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Microsoft Exchange servers targeted by Hive ransomware via ProxyShell exploits

A Hive ransomware affiliate has been targeting Microsoft Exchange servers vulnerable to ProxyShell security issues to deploy various backdoors, including Cobalt Strike beacon.

user iconReporter
Fri, 22 Apr 2022
Microsoft Exchange servers targeted by Hive ransomware via ProxyShell exploits
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The threat actors then perform network reconnaissance, steal admin account credentials, exfiltrate valuable data, ultimately deploying the file-encrypting payload.

Claire Tills, senior research engineer at Tenable, comments on the ubiquity of MSFT Exchange servers and the continued threat of ProxyShell.

“Attackers continue to exploit the ProxyShell vulnerabilities that were initially disclosed more than eight months ago.

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“They have proven to be a reliable resource for attackers since their disclosure, despite patches being available.

“The latest attacks by an affiliate of the Hive ransomware group are enabled by the ubiquity of Microsoft Exchange and apparent delays in patching these months-old vulnerabilities,” Tills said.

The details come from security and analytics company Varonis, which was called in to investigate a ransomware attack on one of its customers.

A widely abused initial access

ProxyShell is a set of three vulnerabilities in the Microsoft Exchange Server that allow remote code execution without authentication on vulnerable deployments. The flaws have been used by multiple threat actors, including ransomware like Conti, BlackByte, Babuk, Cuba, and LockFile, after exploits became available.

The flaws are tracked as CVE-2021-34473, CVE-2021-34523, and CVE-2021-31297, and their severity rating ranges from 7.2 (high) to 9.8 (critical).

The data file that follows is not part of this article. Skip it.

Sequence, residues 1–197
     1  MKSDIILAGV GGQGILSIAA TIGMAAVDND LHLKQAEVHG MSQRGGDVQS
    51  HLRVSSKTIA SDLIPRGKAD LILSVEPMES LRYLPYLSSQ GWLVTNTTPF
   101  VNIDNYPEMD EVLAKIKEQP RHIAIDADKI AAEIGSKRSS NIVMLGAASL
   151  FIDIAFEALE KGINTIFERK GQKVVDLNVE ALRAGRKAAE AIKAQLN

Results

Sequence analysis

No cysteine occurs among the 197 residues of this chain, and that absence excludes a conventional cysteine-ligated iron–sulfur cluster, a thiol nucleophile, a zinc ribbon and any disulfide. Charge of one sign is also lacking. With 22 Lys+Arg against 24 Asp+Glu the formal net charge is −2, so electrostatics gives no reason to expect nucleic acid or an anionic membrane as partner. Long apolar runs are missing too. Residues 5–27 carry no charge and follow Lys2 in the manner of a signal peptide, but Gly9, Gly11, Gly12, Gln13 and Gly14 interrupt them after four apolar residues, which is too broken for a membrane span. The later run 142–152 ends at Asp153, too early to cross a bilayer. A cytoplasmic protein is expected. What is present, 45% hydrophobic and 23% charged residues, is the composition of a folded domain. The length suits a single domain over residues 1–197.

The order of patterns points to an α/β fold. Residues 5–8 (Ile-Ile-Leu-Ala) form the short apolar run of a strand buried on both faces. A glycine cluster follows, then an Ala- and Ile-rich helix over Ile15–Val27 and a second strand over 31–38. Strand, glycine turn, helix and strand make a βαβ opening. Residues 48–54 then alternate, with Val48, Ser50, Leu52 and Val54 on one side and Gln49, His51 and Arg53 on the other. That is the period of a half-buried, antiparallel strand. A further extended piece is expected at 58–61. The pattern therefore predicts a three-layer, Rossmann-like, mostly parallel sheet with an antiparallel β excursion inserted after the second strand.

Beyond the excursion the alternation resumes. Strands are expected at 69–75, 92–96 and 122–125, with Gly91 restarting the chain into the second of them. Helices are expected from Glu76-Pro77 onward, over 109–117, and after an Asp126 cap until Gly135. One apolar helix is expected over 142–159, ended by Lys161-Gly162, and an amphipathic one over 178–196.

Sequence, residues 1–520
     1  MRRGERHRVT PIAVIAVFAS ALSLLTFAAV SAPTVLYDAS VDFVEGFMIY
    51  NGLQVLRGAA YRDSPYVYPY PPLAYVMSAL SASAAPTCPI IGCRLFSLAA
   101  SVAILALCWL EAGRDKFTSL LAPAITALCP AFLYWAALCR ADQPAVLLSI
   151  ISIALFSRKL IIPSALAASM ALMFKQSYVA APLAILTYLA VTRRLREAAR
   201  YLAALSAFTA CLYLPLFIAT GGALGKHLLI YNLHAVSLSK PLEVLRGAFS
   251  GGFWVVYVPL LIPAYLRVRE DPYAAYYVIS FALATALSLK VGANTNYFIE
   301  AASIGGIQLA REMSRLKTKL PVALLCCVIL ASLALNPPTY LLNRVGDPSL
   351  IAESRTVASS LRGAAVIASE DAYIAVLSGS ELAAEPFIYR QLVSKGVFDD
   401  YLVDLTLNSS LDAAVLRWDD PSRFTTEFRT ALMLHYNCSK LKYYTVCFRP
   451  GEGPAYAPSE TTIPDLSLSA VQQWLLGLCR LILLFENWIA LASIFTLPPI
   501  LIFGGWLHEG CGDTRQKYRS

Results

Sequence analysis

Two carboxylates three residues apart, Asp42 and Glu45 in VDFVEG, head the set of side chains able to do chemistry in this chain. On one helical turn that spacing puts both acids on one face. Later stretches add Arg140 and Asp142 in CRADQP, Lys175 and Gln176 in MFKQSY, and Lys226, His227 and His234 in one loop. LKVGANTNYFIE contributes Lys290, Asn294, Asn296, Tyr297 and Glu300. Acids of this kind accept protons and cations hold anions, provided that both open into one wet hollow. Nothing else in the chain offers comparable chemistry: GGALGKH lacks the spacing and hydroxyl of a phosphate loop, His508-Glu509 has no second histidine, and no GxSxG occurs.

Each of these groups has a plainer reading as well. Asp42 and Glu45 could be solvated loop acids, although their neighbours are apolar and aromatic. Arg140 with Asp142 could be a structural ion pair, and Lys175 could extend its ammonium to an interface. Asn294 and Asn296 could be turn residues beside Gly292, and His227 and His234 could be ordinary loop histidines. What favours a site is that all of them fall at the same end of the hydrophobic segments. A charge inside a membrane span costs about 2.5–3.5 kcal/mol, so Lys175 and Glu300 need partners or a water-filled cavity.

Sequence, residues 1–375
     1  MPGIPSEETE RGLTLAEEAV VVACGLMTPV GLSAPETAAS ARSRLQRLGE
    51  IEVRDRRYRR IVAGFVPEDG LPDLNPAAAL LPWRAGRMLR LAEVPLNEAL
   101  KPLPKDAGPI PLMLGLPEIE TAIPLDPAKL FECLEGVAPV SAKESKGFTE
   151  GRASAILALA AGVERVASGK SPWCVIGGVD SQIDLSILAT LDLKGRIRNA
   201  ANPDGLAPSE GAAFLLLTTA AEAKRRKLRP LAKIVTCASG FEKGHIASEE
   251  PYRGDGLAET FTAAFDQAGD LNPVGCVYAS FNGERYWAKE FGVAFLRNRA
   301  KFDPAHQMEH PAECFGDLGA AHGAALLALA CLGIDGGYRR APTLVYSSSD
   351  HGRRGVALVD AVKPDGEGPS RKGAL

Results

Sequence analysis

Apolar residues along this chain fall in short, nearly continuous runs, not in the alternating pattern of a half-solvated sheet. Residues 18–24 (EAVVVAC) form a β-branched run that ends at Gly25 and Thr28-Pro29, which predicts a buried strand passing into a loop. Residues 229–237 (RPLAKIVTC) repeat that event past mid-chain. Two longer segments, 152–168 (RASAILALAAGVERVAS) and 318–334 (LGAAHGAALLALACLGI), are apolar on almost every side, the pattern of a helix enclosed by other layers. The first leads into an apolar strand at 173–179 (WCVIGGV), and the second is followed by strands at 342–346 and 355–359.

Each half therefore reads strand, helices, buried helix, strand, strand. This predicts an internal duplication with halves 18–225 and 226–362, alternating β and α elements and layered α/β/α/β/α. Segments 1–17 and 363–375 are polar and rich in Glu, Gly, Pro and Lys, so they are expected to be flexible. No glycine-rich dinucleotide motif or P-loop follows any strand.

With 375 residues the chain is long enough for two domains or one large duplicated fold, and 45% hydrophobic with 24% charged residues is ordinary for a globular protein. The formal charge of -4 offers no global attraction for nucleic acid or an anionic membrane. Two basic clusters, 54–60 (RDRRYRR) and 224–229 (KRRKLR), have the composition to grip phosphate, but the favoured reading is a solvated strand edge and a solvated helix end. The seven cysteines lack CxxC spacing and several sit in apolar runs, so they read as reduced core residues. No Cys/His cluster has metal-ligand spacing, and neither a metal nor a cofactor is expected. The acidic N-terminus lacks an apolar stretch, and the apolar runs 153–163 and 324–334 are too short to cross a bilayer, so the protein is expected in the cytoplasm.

The security vulnerabilities were considered fully patched as of May 2021, but extensive technical details about these were only made available in August 2021, and soon after that, malicious exploitation started.

The fact that Hive’s affiliate was successful in exploiting ProxyShell in a recent attack shows that there is still room for targeting vulnerable servers.

From access to encryption

Following the exploitation of ProxyShell, the hackers planted four web shells in an accessible Exchange directory and executed PowerShell code with high privileges to download Cobalt Strike stagers.

The web shells used in this particular attack were sourced from a public Git repository and were merely renamed to evade detection during potential manual inspections.

From there, the intruders used Mimikatz, a credentials stealer, to snatch the password of a domain admin account and perform lateral movement, accessing more assets in the network.


Next, the threat actors performed extensive file search operations to locate the most valuable data to pressure the victim into paying a larger ransom.

Varonis analysts have seen remnants of dropped network scanners, IP address lists, device and directory enumerations, RDPs to backup servers, scans for SQL databases, and more.

One notable case of network scanning software abuse was SoftPerfect, a lightweight tool that the threat actor used for enumerating live hosts by pinging them and saving the results on a text file.

Finally, and after all files had been exfiltrated, a ransomware payload named Windows.exe was dropped and executed on multiple devices.

Before encrypting the organisation’s files, the Golang payload deleted shadow copies, disabled Windows Defender, cleared Windows event logs, killed file-binding processes, and stopped the Security Accounts Manager to incapacitate alerts.


Hive Evolution

Hive has gone a long way since it was first observed in the wild back in June 2021, having a successful start that prompted the FBI to release a dedicated report on its tactics and indicators of compromise.

In October 2021, the Hive gang added Linux and FreeBSD variants, and in December it became one of the most active ransomware operations in attack frequency.

Last month, researchers at Sentinel Labs reported on a new payload-hiding obfuscation method employed by Hive, which indicates active development.

Tills further explains that organisations around the world in diverse sectors use Microsoft Exchange for critical business functions, making it an ideal target for threat actors.

“The exploit chain allows attackers to elevate privileges and then execute code remotely, and the availability of proofs-of-concept makes it easy for them to adopt into their playbooks."

The ProxyShell chain goes from feature bypass to privilege escalation, to remote code execution, it reduces the amount of reconnaissance and intermediate steps required for attackers to infiltrate target systems, Tills concluded.

[Related: Citrix doubles down on DaaS]

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